Obiageli Ezekwesili is the presidential candidate of the Allied Congress Party of Nigeria (ACPN). Ezekwesili unveils her plans to fix the decayed healthcare system, struggling MSMEs and bad roads. She also has a strong position on restructuring. Read on.
We all know that an unhealthy populace is a poor populace. Therefore, no anti-poverty agenda can stand without a solid health strategy. The key plank of our health agenda is to reverse the negative trend of maternal and infant mortality, child mortality, needless deaths in non-communicable diseases and medical tourism which has President Muhammadu Buhari as grand patron.
We would champion engagement with international pharmaceutical companies on cost-effective vaccines and medicines that will effectively tackle disease burdens especially malaria and other tropical diseases that hit us disproportionately. Our government will broaden the National Health Insurance Scheme (NHIS) to ensure universal coverage in a decade. Every Nigerian has to be in the system, starting with those currently earning an income. We would also attract at least three top quality global health providers linked to the NHIS in each subregion.
At the level of primary health care, we intend to provide incentives that would make primary healthcare a market- based system. We would adopt a PPP model that would outsource the management of these primary health centres to private providers, where the payment to these providers would be linked to performance.
We will target subsidies to the poor in our rural communities such that only a tiny social fee needs to be paid while the federal and state governments shoulder the cost.
Improving economic productivity
Under the @ACPNHOPE government, we would run a results-based health system. We will pursue a Produce More, Earn More vision that will result in higher productivity, greater competitiveness, higher income, more diversified export earnings from wider sources of economic growth in the economy. While Nigeria’s productivity stands at less than $3/hour, countries like Brazil, Russia and Turkey have productivities at $10.7/hour, $24/hour and $28.9/hour respectively.
Under our Produce More, Earn More initiative, our government will partner with the private sector to identify critical measures necessary to increase Nigeria’s productivity to at least $10/hour over the next four years. By introducing a range of policy measures, cutting a wide variety of bureaucratic and regulatory bottlenecks in all sectors, providing the right mix of critical infrastructure and relevant training, skills and capacities for the business sector, we shall unleash higher labour productivity and consequently improve the income growth for individuals, households, businesses and government. Through the Productivity and Competitiveness initiative, we shall seek to achieve sectoral economic structural transformation. What this means is that we will identify the industries that are of strategic value to our economy and support & promote them through sound policies on trade, tax, infrastructure, skills, training, and research and development. This is how it is done in every major economy of the world, and that is how we would do it to ensure inclusive growth.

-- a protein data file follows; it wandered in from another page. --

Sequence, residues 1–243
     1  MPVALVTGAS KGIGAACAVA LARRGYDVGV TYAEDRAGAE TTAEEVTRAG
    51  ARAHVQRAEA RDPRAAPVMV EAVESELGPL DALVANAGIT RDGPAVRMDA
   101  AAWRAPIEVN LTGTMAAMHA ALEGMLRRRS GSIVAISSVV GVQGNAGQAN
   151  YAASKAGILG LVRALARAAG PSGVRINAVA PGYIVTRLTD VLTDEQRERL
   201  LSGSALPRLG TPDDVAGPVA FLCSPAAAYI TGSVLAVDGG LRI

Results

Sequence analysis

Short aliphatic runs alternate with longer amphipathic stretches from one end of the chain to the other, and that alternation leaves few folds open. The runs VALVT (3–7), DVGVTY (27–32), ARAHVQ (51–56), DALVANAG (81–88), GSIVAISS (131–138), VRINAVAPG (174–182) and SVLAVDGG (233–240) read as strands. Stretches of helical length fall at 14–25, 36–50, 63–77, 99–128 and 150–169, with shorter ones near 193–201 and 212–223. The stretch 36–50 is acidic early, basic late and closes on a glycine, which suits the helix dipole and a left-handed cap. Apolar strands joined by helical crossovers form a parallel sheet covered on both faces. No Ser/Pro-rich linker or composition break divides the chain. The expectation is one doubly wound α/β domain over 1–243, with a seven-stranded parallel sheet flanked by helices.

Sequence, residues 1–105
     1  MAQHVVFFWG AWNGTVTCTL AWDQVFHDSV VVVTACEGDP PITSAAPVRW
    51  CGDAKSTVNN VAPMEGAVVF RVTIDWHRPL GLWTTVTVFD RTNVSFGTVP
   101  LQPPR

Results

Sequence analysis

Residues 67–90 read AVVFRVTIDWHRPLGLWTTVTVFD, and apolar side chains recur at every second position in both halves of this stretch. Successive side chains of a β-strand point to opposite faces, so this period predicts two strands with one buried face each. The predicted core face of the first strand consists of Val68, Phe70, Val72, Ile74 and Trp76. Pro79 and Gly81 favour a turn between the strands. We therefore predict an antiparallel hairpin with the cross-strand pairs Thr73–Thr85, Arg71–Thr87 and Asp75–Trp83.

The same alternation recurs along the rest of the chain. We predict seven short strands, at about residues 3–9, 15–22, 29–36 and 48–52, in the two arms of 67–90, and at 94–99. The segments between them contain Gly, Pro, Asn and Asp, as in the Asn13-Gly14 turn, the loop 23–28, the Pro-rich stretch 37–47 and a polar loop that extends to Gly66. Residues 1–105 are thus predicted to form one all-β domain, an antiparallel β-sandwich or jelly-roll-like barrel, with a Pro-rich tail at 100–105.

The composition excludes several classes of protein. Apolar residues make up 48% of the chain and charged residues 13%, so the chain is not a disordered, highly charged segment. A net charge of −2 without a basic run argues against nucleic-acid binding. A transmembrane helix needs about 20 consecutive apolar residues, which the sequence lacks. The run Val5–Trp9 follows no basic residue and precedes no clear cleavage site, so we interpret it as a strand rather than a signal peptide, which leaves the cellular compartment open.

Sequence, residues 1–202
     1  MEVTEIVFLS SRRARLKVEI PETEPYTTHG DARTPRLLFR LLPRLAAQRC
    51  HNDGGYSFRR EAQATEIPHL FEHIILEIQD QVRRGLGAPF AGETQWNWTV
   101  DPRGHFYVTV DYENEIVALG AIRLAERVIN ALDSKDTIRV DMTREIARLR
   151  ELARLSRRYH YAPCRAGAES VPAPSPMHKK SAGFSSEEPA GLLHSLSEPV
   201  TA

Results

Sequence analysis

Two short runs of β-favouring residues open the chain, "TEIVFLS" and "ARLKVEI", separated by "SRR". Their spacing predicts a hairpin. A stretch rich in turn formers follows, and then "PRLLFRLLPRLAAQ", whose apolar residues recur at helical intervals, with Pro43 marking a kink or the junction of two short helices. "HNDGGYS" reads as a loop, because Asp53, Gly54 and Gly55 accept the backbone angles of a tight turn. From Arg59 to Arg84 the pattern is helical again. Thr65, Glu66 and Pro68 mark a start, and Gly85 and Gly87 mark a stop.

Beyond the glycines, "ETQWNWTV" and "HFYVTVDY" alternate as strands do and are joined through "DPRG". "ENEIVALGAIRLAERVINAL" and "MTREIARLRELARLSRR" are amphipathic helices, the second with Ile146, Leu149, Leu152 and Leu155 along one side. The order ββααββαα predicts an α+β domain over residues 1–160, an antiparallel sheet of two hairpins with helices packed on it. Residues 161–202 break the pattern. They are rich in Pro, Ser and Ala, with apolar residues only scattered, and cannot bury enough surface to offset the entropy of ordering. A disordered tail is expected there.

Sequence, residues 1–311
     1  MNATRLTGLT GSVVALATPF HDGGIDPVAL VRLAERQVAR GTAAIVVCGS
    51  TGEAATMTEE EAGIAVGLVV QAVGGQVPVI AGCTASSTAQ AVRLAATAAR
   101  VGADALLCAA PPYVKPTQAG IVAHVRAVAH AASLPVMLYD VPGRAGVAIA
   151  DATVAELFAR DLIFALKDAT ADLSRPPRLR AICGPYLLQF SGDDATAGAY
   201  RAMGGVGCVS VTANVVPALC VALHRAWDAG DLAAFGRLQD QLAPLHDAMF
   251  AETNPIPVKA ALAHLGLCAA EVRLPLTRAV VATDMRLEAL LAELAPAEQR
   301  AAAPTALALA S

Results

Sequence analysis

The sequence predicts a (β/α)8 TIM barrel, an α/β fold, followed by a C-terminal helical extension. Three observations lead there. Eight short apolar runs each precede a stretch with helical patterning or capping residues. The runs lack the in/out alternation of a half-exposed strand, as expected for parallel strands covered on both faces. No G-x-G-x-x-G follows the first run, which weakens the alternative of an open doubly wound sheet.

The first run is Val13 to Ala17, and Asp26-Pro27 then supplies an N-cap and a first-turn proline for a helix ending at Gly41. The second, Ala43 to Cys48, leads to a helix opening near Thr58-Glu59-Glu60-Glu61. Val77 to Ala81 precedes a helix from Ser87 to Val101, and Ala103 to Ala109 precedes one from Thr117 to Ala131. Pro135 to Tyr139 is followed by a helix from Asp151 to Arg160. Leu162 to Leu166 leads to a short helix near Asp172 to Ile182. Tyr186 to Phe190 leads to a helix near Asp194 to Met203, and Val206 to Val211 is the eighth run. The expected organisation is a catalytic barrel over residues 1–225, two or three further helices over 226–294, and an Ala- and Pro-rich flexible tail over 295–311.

We expect productivity boosts and expansion in new opportunities that create jobs from some key sectors like agriculture, fisheries, livestock and agribusiness where more than two-thirds of Nigeria’s active labour population is found….light manufacturing industries, construction, housing and public works, renewable solutions, services including trade, telecom and technology, domestic tourism, and creative industries. A majority of those operating in the economy are in the informal, low productivity sectors. People like the barber in Bori, the cobbler in Dutse, the petty trader in Onitsha or the tea seller in Kano.
At the end of each day, by the time their business costs are removed, they make – maybe – N200 or N250. How do we ensure that that figure is jacked to at least N1000 daily for a start? The @ACPNHOPE government would take away the barriers to the productivity of our citizens in the informal sector.
Embracing the informal sector—the MSMEs
We are committed to providing the critical infrastructure, training, access to finance, connectivity to the market and to use policies and targeted public investments to ease the Doing Business environment for both the formal and informal sector firms. We would also provide the incentives that would move them from informality to formality, and enhance their productivity and competitiveness. MSMEs play a key role in our economy. Right now, based on NBS data, they account for almost half of the country’s Gross Domestic Product (GDP) and employ over 80 percent of the labour force. If they are doing poorly, then our economy and our people will do poorly.